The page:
Blockchain technology first emerged in October 2008, at the height of an economic crisis that swallowed more than a trillion dollars and sowed historic levels of mistrust in global financial institutions.
Not a coincidence, according to Pramod Viswanath, the Forrest G. Hamrick Professor in Engineering and member of the DeCenter steering committee. Fundamentally, he said, blockchains are about trust.
They are decentralized digital trust platforms, engines for validating events and transactions without relying on central authorities. And because they offer a new way for people to establish trust, Viswanath said blockchains have enormous long-term potential to reorder social structures.
As a technology, blockchains create a chain of ledgers secured through cryptographic techniques. Viswanath said the genius of blockchain is that it natively interweaves economics into those ledgers.
His research probes the technology’s core principles, the tool kit that allows engineers to design efficient, secure and de-centralized blockchains. Over the past few years, researchers have developed a mature understanding of each tool in that tool kit. And Viswanath is teaching the subject to undergraduates in a class called “Principles of Blockchains,” a senior-level course that conducts a full-stack study of the blockchain as a distributed computer system that integrates networking, incentives, consensus, data structures, cryptography and memory management.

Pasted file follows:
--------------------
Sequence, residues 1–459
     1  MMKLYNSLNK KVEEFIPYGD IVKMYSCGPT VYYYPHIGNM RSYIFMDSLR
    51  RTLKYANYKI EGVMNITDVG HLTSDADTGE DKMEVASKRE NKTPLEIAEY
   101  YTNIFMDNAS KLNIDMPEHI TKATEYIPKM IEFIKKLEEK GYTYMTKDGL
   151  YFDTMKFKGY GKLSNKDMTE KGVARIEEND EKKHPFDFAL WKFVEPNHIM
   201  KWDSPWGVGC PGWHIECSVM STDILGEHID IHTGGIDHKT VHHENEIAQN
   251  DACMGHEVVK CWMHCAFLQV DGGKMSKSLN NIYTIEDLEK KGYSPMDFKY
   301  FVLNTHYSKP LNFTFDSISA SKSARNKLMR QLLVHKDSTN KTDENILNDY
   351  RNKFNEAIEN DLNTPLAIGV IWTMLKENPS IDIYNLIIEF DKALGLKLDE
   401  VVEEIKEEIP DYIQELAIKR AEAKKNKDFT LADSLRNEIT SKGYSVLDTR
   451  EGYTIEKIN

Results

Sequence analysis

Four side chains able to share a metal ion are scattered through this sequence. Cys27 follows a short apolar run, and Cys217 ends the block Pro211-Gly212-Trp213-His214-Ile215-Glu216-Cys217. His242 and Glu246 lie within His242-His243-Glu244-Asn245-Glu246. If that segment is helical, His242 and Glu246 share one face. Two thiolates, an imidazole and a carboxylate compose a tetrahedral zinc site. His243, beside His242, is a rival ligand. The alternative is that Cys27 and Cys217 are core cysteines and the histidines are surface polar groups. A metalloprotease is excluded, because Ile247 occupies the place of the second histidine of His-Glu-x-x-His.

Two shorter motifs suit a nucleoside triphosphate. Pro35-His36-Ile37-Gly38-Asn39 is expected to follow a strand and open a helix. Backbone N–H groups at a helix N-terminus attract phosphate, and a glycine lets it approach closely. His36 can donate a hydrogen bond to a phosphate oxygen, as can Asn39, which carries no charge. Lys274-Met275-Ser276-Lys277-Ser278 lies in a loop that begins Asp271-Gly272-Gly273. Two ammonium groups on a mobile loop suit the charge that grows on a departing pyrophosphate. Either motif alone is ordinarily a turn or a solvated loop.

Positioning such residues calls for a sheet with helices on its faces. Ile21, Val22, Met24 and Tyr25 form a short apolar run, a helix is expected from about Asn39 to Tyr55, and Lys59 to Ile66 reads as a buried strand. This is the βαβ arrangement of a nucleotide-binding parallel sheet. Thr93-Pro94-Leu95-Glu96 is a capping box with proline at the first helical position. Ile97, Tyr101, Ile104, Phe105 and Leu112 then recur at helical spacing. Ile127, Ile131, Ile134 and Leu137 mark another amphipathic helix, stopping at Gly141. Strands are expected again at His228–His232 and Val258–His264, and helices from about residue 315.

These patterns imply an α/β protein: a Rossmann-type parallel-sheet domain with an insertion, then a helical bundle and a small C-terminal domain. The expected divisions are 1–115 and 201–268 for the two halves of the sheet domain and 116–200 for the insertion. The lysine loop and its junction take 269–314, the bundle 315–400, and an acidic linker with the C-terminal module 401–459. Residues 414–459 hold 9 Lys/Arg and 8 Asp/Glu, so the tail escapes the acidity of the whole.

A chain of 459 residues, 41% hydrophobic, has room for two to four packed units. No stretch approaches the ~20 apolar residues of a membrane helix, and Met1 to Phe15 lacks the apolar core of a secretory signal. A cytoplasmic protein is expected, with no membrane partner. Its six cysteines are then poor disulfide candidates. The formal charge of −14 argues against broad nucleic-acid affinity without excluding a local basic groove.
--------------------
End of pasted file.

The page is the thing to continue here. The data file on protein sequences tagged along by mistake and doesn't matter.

“I tell them there’s one class where you see all of computer science. In a few thousand lines, in a few weeks, you’ve summarized data structures, operating systems, memory management, cryptography and interactive protocols. And along the way you’ve really understood bitcoin because you’ve built the client yourself.”
He’s also teaching a course called “Elements of Decentralized Finance,” or DeFi. The course is lab-based, offering students a hands-on programming feel for the key elements of DeFi on a major public blockchain platform.
Viswanath said that the perils of blockchain are relatively short-term compared to their long-term benefits. “The fact that blockchains are so open, so programmable and so composable,” he said, “makes them so that anyone can create any kind of financial application anywhere, anytime. This makes them vulnerable to actors with less than respectable intentions. The promise, on the other hand, is much broader. Developing new forms of trust and reorganizing human societies operates at a longer time scale. The promise is much more in the future.”